This brief article introduces a monthly series of four on the archaeology of Westgate. The data has been adapted, with their permission, from the findings of an archaeological desk-based assessment prepared within a 500 metre radius of Chichester College by SLR Consulting Ltd in 2013. Hence the funny box on the maps.

The available evidence for historic activity and occupation within and around Westgate has shown that there has been demonstrable activity on the site from the Late Bronze Age/Early Iron Age onwards. In particular, investigations at 6 St Bartholomew’s Close located Bronze Age ditches with artefactual remains immediately to the north of the River Lavant as it passes behind Woodlands Halls.

Whilst there is excavated evidence for Roman occupation beyond the western limit of the 2nd and 4th century defences, from the available sources it seems likely that the cemetery uncovered at the Theological College in the 1980s denotes the western limit of the Roman settlement. Investigations carried out at sites further along Westgate have failed to locate in situ deposits of comparable date, with the exception of an isolated find spot to the south of the railway and the known Roman roads emanating from the city’s western gate.

There is a possibility that roadside deposits do survive along the Westgate street frontage, but the nature and/or survival of such features has not been demonstrated to date.

In the post-Roman period the majority of activity occurred within the defended core of the city; and there is little evidence in Westgate for early medieval occupation.

It seems probable that in the Saxon period the site would have been situated on land set aside for agricultural use, as it was in the later medieval and post-medieval periods. The only recorded find is a single coin from the grounds of St Bartholomew’s Church. As churches were often a focus for markets there is a possibility that this represents a market site. The small medieval suburb and parish of St Bartholomew’s developed around the city’s western gate and extended a short distance along Westgate.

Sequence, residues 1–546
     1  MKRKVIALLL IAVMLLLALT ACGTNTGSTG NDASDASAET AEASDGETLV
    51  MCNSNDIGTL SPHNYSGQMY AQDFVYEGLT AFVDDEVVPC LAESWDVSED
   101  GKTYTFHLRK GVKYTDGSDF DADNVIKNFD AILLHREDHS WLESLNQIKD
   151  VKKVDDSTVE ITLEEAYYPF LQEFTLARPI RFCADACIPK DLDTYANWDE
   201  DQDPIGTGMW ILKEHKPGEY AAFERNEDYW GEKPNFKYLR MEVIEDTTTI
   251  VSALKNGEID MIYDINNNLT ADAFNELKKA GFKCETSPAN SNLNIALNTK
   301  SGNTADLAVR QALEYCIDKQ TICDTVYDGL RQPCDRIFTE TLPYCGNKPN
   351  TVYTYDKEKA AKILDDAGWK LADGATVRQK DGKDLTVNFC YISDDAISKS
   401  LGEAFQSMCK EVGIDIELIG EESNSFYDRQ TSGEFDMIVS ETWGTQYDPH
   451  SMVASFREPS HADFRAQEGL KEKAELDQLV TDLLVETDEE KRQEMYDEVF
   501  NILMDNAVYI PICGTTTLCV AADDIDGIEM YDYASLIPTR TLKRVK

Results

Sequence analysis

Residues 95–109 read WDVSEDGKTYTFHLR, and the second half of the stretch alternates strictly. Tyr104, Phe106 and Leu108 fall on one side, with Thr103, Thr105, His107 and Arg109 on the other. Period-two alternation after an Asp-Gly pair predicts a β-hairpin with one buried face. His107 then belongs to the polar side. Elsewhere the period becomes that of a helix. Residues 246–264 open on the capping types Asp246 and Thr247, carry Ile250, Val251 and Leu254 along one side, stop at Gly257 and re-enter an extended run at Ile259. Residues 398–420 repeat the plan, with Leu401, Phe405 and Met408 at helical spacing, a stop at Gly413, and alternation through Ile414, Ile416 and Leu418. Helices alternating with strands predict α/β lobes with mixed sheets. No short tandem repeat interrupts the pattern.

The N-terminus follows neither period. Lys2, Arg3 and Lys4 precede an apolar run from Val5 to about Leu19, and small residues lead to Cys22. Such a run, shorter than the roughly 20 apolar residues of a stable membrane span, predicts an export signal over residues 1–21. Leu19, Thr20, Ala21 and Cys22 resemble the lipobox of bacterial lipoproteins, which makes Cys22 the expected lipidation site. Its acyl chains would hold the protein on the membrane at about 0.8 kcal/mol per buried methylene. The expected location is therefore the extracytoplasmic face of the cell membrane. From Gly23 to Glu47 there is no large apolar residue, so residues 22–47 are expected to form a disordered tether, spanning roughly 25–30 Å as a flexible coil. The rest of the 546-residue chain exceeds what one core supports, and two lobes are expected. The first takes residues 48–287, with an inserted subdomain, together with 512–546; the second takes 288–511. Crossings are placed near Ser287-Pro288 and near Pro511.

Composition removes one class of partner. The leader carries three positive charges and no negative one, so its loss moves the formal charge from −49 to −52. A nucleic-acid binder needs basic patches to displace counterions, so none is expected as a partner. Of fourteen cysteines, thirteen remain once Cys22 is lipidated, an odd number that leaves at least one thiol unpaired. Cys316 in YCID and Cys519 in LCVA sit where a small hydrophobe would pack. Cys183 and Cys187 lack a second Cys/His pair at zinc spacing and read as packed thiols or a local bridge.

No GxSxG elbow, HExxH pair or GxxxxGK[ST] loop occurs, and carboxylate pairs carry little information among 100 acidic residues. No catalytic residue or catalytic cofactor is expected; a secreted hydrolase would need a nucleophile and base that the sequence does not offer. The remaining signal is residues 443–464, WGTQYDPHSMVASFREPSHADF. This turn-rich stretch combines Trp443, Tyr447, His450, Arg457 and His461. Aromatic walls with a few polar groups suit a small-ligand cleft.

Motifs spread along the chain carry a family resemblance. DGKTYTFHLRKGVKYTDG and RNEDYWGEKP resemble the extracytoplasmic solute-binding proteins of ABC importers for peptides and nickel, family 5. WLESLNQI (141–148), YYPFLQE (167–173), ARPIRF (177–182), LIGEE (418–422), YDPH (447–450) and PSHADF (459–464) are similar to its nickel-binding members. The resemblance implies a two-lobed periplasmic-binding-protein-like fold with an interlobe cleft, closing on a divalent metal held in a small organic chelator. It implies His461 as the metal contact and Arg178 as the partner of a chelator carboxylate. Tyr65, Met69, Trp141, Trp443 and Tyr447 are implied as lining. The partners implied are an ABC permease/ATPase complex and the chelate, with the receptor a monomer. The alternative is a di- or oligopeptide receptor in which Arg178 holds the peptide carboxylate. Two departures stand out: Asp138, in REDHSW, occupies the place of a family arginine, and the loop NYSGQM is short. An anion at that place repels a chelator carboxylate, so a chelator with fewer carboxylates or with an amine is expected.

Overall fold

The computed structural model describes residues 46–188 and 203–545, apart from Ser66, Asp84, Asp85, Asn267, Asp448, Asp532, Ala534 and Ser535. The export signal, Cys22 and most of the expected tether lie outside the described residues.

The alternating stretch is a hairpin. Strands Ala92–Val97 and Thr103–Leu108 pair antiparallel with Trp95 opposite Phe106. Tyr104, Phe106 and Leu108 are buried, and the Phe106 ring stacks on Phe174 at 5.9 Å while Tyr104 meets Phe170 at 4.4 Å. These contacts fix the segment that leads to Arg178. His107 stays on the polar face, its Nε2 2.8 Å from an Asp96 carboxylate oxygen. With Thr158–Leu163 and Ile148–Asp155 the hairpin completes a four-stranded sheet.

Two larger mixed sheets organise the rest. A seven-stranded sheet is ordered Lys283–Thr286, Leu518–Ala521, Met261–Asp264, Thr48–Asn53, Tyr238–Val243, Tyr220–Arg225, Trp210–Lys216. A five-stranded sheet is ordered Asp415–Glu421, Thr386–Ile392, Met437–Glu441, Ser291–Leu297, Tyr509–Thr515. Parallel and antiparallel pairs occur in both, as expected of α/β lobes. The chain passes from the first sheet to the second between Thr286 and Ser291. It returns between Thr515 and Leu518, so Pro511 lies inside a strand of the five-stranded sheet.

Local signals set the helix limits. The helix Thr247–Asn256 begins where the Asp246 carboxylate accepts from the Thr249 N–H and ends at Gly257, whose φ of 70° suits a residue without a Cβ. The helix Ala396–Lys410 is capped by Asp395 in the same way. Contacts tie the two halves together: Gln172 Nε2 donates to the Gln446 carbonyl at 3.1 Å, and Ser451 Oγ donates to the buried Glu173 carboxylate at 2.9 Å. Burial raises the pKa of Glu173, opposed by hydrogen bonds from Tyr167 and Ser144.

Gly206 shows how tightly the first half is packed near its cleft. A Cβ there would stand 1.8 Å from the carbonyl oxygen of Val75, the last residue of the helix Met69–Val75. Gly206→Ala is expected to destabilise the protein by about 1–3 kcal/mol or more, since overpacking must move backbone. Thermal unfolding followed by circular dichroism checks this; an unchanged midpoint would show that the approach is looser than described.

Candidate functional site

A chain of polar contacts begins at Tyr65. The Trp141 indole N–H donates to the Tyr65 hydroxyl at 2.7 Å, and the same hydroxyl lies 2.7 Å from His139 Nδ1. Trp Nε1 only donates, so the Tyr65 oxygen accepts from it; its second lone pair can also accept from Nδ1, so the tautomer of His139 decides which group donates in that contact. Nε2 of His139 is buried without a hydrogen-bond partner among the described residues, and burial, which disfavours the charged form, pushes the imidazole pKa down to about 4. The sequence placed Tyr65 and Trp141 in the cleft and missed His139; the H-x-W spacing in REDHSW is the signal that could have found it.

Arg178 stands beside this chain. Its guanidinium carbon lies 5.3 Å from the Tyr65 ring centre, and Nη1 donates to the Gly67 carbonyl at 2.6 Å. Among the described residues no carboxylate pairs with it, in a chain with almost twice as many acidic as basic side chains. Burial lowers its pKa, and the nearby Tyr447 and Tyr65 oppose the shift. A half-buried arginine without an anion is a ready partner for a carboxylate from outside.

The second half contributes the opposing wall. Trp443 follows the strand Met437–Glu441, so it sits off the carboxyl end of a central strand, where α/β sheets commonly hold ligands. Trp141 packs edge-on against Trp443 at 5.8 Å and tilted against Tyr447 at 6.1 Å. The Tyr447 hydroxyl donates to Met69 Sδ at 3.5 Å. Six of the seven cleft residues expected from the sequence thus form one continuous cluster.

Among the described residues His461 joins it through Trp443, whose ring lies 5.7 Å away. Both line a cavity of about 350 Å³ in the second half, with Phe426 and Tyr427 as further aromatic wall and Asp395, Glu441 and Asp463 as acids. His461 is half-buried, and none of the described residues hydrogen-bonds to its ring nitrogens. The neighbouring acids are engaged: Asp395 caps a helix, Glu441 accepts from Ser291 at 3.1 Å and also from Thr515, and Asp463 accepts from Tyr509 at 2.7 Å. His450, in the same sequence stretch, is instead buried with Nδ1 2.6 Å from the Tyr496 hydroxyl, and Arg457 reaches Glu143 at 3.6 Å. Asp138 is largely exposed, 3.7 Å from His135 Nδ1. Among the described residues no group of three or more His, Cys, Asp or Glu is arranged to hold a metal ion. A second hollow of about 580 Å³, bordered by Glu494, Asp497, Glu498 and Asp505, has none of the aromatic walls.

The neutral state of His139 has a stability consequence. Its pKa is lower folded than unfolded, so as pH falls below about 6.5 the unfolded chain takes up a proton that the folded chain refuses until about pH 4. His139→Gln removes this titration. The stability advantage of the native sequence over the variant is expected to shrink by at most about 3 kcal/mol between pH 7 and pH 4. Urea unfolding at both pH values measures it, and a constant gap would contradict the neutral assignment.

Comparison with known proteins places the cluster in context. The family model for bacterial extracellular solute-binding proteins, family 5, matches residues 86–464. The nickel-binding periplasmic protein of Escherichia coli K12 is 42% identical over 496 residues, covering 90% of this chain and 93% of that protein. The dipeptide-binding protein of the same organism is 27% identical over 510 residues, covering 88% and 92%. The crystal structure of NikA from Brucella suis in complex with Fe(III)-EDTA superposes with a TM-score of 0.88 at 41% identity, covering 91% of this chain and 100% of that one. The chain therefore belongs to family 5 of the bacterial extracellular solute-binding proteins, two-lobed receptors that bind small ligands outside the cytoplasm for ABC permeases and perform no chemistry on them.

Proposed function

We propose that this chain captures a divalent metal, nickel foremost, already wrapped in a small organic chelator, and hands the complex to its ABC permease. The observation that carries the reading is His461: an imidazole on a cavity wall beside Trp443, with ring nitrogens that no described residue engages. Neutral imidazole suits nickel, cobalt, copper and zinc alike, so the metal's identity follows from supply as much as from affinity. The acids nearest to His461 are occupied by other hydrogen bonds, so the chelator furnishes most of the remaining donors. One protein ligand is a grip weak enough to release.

The exact scale of the original suburb is unknown as it was destroyed in the Civil War siege of 1642, but the presence of the river and spring in the area would have represented a focus for settlement. Evidence from excavation has shown that boundary ditches to divide plots of land (fields or properties) were being maintained along Westgate between the 10th and 16th centuries as far to the west as the Tannery. The plots would have been situated to the south of Westgate and the River Lavant. The presence of pits containing domestic refuse in similar locations may be an indication that housing extended further along Westgate than the extent of the later post-medieval settlement would suggest.

Maps from the 18th century onwards show extensive open fields under pasture to the south of Westgate in the location of the college campus. There are a number of small structures indicated from 1769 and in the 19th century, one of which (a barn) was located during evaluation in 2012. The barn appeared to have been at least partially constructed using medieval stone masonry from the demolished St Bartholomew’s (St Sepulchre’s) Church, as fragments of a segmented arch were found in association with its footing.

The 1846 Tithe map indicates a hovel adjacent to the river immediately west of the college. However it appears that any activity associated with this building was confined to a small plot which did not extend eastwards. Development and expansion of the college at the site in the later 20th century is likely to have caused areas of localised truncation of buried deposits, including to former plough soils and any buried cut features or surfaces. The survival of footings and boundary ditches suggests that there is potential for some further areas of survival on that site.

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